In lieu of an abstract, here is a brief excerpt of the content:

Reviewed by:
  • Mark Twain: American Humorist by Tracy Wuster
  • Henry B. Wonham (bio)
Mark Twain: American Humorist By Tracy Wuster. Columbia: University of Missouri Press, 2016. 481 pp.

Within the Mark Twain industrial complex, there exists a thriving cottage industry devoted less to the analysis of Samuel L. Clemens's literary works than to the study of what was arguably his most enduring and significant creation, the public persona known as Mark Twain. Lou Budd's Our Mark Twain: The Making of His Public Personality (1983) is a classic of the genre, as are Jeffrey Steinbrink's Getting to Be Mark Twain (1991) and Andrew Hoffman's Inventing Mark Twain: The Lives of Samuel Langhorne Clemens (1997). A more recent manifestation of the theme is Twain's Brand: Humor in Contemporary American Culture (2012), Judith Lee's illuminating study of the most famous literary trademark ever to adorn the covers of an American book. Joining this robust conversation is Tracy Wuster, whose excellent new tome is an attempt "to understand what it meant for Mark Twain to be a humorist in his own time, and to explore what 'humor' signified and encompassed for different audiences of the Gilded Age" (5). [End Page 122] As this introductory declaration suggests, Wuster is less interested in the meaning of Mark Twain's literary texts than in the development of his reputation from roughly 1865 to 1882, as he transformed himself from an edgy California humorist into a regular contributor to the eminently respectable Atlantic Monthly.

A large part of this story of professional transformation entails Clemens's deliberate acts of self-fashioning, as he honed his lyceum performance style and his literary voice to meet the demands of an expanding and increasingly East–Coast audience. Another large part of the story has to do with the critical debates that followed Mark Twain everywhere he went and that made him a focal point of the period's culture wars. Wuster is at his best in recreating the "rough critical terrain in which critics varied widely over whether Mark Twain [possessed] literary merit or whether he was merely a passing whim of a debased public" (4). By reproducing rich samples of contemporary criticism, Wuster reminds us that the very name Mark Twain was a flashpoint for disagreements about the significance of American humor as a cultural phenomenon.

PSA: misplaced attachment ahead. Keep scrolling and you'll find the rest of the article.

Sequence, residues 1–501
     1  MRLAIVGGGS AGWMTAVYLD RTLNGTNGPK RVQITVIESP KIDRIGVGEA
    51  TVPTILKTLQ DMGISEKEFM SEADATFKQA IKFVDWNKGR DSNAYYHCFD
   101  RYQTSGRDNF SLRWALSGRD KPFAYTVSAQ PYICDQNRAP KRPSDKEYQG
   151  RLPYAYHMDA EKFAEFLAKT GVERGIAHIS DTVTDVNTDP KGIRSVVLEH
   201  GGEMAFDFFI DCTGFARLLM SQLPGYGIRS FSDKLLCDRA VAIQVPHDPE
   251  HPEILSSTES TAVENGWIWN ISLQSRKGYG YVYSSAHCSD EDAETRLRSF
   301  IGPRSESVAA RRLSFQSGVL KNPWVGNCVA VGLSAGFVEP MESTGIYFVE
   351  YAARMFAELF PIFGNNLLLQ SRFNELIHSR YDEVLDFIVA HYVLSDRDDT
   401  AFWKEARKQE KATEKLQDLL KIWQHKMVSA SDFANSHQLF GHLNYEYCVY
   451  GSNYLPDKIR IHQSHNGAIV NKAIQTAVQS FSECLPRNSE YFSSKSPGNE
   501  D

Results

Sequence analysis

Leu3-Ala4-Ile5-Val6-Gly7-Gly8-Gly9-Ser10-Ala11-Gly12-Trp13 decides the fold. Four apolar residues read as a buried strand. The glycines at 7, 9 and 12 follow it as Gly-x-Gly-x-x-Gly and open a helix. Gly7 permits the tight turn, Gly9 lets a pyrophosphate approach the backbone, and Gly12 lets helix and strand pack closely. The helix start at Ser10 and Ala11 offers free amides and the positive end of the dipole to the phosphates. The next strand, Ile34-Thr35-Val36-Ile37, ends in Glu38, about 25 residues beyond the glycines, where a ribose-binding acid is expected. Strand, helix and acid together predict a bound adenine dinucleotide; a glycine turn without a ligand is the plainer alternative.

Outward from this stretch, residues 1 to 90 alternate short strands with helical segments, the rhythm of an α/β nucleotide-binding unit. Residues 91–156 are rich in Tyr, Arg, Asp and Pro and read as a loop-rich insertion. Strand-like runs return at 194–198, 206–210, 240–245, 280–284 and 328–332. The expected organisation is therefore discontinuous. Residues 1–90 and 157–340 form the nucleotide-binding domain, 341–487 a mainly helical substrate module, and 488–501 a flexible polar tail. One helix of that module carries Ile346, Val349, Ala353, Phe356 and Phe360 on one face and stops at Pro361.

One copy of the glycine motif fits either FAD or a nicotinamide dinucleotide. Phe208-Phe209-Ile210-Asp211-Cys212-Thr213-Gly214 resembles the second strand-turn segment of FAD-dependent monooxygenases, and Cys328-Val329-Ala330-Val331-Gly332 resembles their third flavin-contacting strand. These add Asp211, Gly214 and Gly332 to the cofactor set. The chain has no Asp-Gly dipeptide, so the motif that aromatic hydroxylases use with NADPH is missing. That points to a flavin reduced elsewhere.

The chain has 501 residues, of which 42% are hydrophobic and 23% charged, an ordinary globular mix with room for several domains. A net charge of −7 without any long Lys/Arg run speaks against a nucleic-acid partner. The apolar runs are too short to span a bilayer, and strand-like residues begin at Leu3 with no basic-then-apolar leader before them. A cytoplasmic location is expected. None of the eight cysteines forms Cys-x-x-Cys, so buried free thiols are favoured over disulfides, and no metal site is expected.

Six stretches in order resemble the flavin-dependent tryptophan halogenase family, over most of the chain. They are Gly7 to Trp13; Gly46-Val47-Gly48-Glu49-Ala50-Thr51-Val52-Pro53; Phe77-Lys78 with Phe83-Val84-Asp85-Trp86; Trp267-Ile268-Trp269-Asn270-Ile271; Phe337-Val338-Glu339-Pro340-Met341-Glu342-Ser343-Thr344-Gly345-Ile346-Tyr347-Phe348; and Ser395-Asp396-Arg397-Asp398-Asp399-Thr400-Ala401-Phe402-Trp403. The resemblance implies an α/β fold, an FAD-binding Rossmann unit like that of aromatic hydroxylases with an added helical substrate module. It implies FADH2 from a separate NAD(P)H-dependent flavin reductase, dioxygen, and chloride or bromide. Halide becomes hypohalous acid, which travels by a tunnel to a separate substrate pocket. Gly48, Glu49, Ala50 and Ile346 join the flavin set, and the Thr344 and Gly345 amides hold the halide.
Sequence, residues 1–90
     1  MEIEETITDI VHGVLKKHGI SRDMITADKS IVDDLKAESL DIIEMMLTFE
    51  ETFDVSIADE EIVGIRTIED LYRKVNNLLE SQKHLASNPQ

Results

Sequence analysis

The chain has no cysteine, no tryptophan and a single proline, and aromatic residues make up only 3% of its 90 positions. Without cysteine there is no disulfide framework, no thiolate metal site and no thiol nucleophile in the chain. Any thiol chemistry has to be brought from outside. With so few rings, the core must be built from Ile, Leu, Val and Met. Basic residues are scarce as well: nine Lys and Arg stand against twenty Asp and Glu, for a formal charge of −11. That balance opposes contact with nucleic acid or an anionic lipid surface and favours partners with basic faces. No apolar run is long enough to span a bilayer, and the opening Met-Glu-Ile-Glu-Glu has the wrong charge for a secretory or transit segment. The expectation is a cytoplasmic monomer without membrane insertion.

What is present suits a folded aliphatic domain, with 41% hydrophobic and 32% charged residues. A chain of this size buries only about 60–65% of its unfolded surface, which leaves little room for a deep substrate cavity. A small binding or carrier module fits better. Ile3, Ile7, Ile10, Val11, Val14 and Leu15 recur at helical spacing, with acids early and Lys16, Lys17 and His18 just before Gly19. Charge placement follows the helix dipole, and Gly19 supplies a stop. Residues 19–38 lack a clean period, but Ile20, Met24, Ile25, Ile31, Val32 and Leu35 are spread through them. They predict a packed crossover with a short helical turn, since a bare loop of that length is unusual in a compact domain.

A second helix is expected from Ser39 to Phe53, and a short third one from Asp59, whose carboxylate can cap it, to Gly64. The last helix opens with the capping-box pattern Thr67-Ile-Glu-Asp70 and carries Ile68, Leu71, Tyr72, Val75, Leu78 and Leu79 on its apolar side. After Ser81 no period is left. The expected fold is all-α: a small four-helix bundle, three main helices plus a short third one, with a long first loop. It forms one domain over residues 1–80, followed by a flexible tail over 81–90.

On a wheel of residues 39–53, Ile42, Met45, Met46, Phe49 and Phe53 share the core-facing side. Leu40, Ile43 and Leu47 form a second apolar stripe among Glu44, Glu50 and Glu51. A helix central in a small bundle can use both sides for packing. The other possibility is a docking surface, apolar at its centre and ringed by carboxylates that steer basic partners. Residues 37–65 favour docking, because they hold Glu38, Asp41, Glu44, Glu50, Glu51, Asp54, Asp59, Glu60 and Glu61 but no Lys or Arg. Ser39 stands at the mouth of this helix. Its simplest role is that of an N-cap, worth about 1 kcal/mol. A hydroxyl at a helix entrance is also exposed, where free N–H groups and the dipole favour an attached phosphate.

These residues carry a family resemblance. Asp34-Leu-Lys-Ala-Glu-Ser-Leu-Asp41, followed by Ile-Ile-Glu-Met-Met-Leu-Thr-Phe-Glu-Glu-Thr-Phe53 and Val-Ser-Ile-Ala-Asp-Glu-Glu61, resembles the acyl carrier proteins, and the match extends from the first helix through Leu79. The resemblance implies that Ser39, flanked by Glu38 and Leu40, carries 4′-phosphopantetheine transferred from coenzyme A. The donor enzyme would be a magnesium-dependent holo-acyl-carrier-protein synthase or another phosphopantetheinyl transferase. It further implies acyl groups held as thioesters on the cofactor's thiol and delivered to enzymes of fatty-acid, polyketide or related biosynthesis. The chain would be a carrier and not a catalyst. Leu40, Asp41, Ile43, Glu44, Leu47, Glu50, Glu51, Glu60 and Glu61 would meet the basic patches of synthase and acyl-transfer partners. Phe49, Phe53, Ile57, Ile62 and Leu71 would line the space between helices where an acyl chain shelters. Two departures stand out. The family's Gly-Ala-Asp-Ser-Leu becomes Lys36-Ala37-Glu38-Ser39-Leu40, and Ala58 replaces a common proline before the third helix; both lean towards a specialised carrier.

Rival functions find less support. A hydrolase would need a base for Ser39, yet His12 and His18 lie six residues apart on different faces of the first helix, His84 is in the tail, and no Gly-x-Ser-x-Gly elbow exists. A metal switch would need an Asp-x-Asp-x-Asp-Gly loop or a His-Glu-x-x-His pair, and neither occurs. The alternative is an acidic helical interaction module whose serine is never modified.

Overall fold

Sam Clemens's road from sagebrush bohemian to respectable author entailed four major stops, as Wuster narrates the journey. The first stage "had been characterized by his appearance as a newspaper reporter, magazinist, and lecturer in California—'the Wild Humorist of the Western Slope,' which culminated in the success of his jumping frog" (356). A second phase in the development of the persona "was marked by his ascension to national and international fame as an 'American Humorist' and his transition from peripheral figure to central exponent of the unique and peculiar school of a distinctly national humor—'the best of our second-rate humorists'" (356). At this point in his career, roughly coincident with the publication of The Innocents Abroad (1869), critics routinely compared Mark Twain with Artemus Ward, Petroleum V. Nasby, and other irreverent literary comedians of the period, but a large rung was reserved at the top of the humor hierarchy for those considered the true purveyors of American wit: Oliver Wendell Holmes and James Russell Lowell in particular. Mark Twain ascended to that final rung during the third phase of his development, as he "moved into new venues in which he might be considered, in the words of his most important promoter [William Dean Howells]—'quite worthy of the company of the best'" (356). During the fourth and final stage, which Wuster links to publication of A Tramp Abroad (1880) and [End Page 123] The Prince and the Pauper (1882), "Mark Twain's work was discussed largely in relation to his earlier work, rather than in relation to other humorists" (356). Fittingly, Howells at this point drops the impulse to compare his friend with even "the best," insisting in 1882 that Mark Twain has become "the most popular humorist who ever lived" (356).

Wuster narrates this process of ascension to cultural respectability with admirable thoroughness...


Additional Information

Print ISSN
pp. 122-124
Launched on MUSE
Open Access
Back To Top

This website uses cookies to ensure you get the best experience on our website. Without cookies your experience may not be seamless.